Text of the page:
|UNITED STATES OF AMERICA,
DAVID WARREN VEREN,
David Warren Veren entered a guilty plea to aiding and abetting bank fraud, in violation of 18 U.S.C. §§ 2, 1344; and unauthorized use of access devices, in violation of 18 U.S.C. § 1029. In a docketing statement prepared by counsel, Veren challenged his sentence, asserting that the district court erred in refusing to depart from the Sentencing Guidelines on the ground that he had committed the offenses while suffering from significantly reduced mental capacity. See USSG § 5K2.13. This court issued a show cause order requiring the parties to brief the question of whether there was appellate jurisdiction to consider the appeal.
In response, counsel filed a motion for leave to withdraw and a brief, pursuant to Tenth Circuit Rule 46.4(B)(1) and Anders v. California, 386 U.S. 738 (1967), stating that the court lacked jurisdiction. Veren then sent a pro se letter to the court, claiming that he also wished to appeal the issue of whether his criminal history points were calculated incorrectly. This court reserved judgment on the jurisdictional issue raised in the show cause order.
Concerning the downward departure issue, "[w]e have jurisdiction to review a district court's refusal to depart downward only when 'the district court refused to depart because it erroneously interpreted the [Sentencing] Guidelines as depriving it of the power to depart based on the proffered circumstances.'" United States v. Rowen, 73 F.3d 1061, 1063 (10th Cir. 1996) (quoting United States v. Barrera-Barron, 996 F.2d 244, 245 (10th Cir. 1993)). In the instant case, the district court was fully aware of its discretion to depart based on Veren's contention that he committed the offenses while suffering from a significantly reduced mental capacity. It is plain from the record that the court simply disbelieved Veren's claim of diminished capacity. Accordingly, this court has no jurisdiction to consider the district court's refusal to depart downwards from the Guidelines.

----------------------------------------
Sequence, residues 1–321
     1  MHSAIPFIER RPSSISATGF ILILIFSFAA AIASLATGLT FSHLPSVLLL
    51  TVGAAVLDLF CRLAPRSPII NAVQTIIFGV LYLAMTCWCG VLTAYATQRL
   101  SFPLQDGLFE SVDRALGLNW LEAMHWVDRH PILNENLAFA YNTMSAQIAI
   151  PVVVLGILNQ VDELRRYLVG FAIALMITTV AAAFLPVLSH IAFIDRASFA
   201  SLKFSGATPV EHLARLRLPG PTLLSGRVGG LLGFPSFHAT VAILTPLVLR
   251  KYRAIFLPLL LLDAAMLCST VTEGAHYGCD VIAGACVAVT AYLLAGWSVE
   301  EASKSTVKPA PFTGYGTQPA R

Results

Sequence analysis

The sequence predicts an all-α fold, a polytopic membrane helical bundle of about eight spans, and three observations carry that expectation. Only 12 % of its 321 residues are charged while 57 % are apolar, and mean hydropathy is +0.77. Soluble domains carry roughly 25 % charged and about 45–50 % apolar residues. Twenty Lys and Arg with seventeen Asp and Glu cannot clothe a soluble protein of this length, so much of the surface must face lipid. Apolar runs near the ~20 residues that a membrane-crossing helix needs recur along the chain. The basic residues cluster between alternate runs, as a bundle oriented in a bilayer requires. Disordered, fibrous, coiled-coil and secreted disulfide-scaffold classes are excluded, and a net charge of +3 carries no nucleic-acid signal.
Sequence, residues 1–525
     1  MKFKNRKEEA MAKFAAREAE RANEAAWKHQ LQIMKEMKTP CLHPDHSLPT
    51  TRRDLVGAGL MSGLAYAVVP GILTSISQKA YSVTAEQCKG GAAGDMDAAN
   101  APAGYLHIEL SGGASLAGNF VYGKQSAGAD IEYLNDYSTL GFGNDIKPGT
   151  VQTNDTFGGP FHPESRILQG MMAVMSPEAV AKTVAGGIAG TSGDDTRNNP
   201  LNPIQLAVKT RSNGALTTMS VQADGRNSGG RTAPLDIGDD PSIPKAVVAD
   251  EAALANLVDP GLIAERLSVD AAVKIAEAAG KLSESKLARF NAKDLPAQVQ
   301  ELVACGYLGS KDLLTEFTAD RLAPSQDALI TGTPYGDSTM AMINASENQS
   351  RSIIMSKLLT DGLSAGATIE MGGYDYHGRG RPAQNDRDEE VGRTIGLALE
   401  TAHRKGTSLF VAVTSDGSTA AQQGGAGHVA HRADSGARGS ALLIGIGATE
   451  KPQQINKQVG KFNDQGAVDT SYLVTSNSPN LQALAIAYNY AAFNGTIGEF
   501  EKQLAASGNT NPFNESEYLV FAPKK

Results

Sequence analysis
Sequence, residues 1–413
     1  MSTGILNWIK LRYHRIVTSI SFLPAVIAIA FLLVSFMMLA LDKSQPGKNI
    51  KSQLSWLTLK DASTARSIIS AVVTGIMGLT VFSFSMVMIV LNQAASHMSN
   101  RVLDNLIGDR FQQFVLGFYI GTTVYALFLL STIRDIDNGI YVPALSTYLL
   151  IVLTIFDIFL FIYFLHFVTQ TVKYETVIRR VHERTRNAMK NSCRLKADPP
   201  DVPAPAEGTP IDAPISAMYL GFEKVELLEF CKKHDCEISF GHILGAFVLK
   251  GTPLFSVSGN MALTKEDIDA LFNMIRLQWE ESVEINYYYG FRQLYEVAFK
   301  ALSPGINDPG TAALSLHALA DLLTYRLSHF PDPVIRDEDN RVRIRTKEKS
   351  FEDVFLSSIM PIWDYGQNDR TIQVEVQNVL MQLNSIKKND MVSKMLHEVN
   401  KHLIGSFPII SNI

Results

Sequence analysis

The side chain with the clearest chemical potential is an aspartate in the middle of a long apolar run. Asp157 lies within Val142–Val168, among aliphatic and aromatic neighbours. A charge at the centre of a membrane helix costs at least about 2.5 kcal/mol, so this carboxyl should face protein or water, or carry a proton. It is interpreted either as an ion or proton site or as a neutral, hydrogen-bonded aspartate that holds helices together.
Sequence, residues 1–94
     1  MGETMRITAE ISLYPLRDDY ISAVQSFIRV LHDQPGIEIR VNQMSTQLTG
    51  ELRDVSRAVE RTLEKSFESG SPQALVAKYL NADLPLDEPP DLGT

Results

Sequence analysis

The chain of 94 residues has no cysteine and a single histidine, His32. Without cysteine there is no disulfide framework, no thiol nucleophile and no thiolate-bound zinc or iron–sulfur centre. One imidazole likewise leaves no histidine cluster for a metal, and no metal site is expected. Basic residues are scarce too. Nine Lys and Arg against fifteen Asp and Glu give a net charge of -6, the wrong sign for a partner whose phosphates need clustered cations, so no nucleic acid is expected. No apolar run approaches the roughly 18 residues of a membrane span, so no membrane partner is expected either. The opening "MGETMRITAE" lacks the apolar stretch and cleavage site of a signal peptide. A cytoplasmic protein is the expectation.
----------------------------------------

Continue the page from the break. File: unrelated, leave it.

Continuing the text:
We next turn to Veren's claim of error in the computation of his criminal history points. Since an erroneous determination of the proper criminal history category involves an incorrect application of the Guidelines, this court has jurisdiction over the issue. See 18 U.S.C. § 3742(a)(1) & (2) (providing that a defendant may appeal a sentence which "was imposed in violation of the law," or "as a result of an incorrect application of the sentencing guidelines").
Veren did not object to the district court's calculation of his criminal history. Therefore we review this claim for plain error. United States v. Tisdale, 248 F.3d 964, 981 (10th Cir. 2001).
To establish plain error [defendant] must show: (1) an error, (2) that is plain, which means clear or obvious under current law, and (3) that affects substantial rights. If these three elements are satisfied, then we may exercise discretion to correct the error if it seriously affects the fairness, integrity, or public reputation of judicial proceedings.
Id. (quotation and brackets omitted).
Here, Veren provides only a summary statement that he "felt" that his criminal history or category "was incorrectly calculated, and did not reflect [his] true history." Veren's Letter of Mar. 14, 2001. In the absence of a factual or legal basis for this claim, we cannot find any error whatsoever. Veren falls far short of the necessary showing for plain error.
We AFFIRM Veren's sentence. Counsel's motion to withdraw is GRANTED.
Entered for the Court
Stephen H. Anderson
*. This order and judgment is not binding precedent, except under the doctrines of law of the case, res judicata, and collateral estoppel. The court generally disfavors the citation of orders and judgments; nevertheless, an order and judgment may be cited under the terms and conditions of 10th Cir. R. 36.3.